First, there was no electricity. No problem, just put on the gen. The gen won’t start. Maybe it needs fuel. Oh, my neighbour had borrowed my petrol because, according to him, I always had more than enough. That’s okay, I have enough hot water, let me grab a shower and get out of here. No water.
“Okon,” I shouted at the gateman, “there’s no water.”
Okon looked bemused. “No sah, no wata sah.”
“Why is there no water,” I asked.
“No light to pump it, sah,” he replied
“I know that, Okon, but we always use Mr Bassey’s big gen to pump. What’s happened?”
“No wyah, sah,” said Okon, a faint and very annoying smile curling his lip.
“Oh, for God’s sake!”
To cut a long story short, our wire that connected the borehole pump at the front of the compound with the generator in the back yard, was not ours at all. It was borrowed from ‘one man down the road’ who had decided to reclaim it. Luckily, an electrician had just finished working in one of the apartments, so I despatched him and Okon to buy wire to make the connection. When they returned, they got to work while I waited anxiously for my shower. The wire was too short to reach and they went back twice before they got enough to finish the job.
While I was waiting, I noticed all my neighbours heading out to work and smelling sweet! What treachery was this? Was I the only one without water? By now, my PA had arrived for a lift to the office and she was giggling at my indignation. Patiently, she explained why I was the only one waiting to have a bath. “Everyone else has buckets of water stored – they’re always prepared. It’s only you that insists on a power shower.” It was a valuable lesson, one that would be reinforced throughout the day.
And what a day it was. The mobile telecoms network, MTN, was down, so I couldn’t make calls, send texts or use BBM. The office wi-fi was down for some other reason. The office generator had broken down and it was stifling hot inside our building. And so it went on. I learned from days like that and found new and ingenious ways of insuring against disaster – a backup for the backup; a Plan B, C and D.
And yet, with all of that insurance against having a bad day, yesterday still happened. I won’t bore you with the details but I was deeply disappointed. I retreated from my airless office, the result of not having air-conditioning for two days running, and was welcomed by a feebly rotating fan at home, powered by an inverter whose batteries were depleted by the 48-hour blackout. With the ongoing fuel shortage, I decided not to use the remaining few litres in the generator. My dinner was a bit suspect after 10 hours in a warm fridge. You get the picture.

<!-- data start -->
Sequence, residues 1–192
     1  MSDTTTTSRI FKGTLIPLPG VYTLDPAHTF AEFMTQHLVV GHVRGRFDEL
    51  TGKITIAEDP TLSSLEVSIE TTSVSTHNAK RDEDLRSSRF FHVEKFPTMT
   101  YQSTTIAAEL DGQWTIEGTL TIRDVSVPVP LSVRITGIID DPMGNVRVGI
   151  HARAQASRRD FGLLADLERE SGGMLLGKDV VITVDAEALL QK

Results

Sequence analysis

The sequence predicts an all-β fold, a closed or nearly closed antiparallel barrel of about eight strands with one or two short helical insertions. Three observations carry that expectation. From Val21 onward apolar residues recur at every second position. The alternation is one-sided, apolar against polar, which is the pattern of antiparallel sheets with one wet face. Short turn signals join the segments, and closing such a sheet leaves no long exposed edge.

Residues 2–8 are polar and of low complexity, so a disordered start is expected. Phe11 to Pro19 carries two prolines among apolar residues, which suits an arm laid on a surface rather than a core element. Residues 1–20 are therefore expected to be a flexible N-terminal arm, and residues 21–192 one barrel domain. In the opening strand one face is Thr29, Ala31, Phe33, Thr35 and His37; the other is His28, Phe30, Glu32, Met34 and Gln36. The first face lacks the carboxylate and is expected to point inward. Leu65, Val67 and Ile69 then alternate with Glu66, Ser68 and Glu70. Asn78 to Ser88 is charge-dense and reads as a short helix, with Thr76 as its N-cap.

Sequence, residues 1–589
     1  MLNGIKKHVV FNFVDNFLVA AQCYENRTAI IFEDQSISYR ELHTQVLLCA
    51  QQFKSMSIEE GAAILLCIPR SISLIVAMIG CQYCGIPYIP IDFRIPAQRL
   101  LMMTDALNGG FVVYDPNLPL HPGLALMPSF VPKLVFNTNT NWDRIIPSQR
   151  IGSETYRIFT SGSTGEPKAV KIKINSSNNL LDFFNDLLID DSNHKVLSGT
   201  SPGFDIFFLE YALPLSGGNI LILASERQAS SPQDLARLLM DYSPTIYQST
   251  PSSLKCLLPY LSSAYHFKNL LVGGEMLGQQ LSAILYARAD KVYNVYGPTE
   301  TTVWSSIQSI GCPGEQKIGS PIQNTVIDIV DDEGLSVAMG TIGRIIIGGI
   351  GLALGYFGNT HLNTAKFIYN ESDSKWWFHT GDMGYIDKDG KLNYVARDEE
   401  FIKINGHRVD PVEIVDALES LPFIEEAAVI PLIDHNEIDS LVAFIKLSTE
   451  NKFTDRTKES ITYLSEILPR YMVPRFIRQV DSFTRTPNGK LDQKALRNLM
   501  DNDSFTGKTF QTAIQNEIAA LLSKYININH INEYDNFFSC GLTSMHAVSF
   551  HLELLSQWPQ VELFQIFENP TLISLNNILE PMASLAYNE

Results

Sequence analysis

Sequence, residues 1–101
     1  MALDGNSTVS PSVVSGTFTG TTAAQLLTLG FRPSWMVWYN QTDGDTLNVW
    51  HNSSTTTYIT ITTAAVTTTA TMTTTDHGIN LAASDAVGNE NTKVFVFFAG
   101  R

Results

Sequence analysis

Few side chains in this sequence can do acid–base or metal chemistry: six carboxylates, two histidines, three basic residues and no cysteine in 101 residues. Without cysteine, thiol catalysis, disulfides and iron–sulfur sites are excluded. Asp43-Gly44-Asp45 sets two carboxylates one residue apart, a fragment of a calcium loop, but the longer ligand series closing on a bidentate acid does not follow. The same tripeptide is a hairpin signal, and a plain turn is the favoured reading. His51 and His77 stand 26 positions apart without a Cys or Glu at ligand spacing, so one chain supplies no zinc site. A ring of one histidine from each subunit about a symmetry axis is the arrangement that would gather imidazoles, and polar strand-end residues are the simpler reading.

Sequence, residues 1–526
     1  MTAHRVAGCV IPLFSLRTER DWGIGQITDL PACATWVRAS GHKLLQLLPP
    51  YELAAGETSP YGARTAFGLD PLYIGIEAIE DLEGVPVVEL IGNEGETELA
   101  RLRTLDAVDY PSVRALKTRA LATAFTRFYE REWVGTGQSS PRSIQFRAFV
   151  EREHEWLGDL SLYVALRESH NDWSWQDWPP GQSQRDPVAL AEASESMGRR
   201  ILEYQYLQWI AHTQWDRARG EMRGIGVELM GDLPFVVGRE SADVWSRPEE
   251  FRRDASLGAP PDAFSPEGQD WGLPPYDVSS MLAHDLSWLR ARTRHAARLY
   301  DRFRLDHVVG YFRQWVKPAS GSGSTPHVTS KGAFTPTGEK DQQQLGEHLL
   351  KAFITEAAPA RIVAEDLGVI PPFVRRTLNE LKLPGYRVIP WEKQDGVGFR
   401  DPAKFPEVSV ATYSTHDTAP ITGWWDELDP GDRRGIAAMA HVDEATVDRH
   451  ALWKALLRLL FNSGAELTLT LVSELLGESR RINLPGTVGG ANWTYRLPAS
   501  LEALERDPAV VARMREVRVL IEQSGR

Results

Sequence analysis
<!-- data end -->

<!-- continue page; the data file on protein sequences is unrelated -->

I woke up in darkness and searched for any device that would display the time. 10.40pm. My Naija Day was almost over. I checked my phone and saw the bank alert showing that money, owed since December 2014, had finally hit my account. It wasn’t enough but it was more than I had at the beginning of the day. I thought about everything that had happened and knew that it could be a lot worse. I considered all the people that have a Naija Day every day and still manage to smile.
That’s when it hit me. My worst days are someone else’s best days. I have the resources to come up with plans A-D. So what if they occasionally fail? These Naija Days have taught me patience, humility, resourcefulness and gratitude. I can escape to London or Kingston for a dose of convenience, efficiency and order, whenever it gets too much. And, deep down, I have this knowing that these Naija Days are preparing me for the next phase of my life, when who knows what tests will come.
“Ah, those Naija Days,” I will say, “they were the making of me.”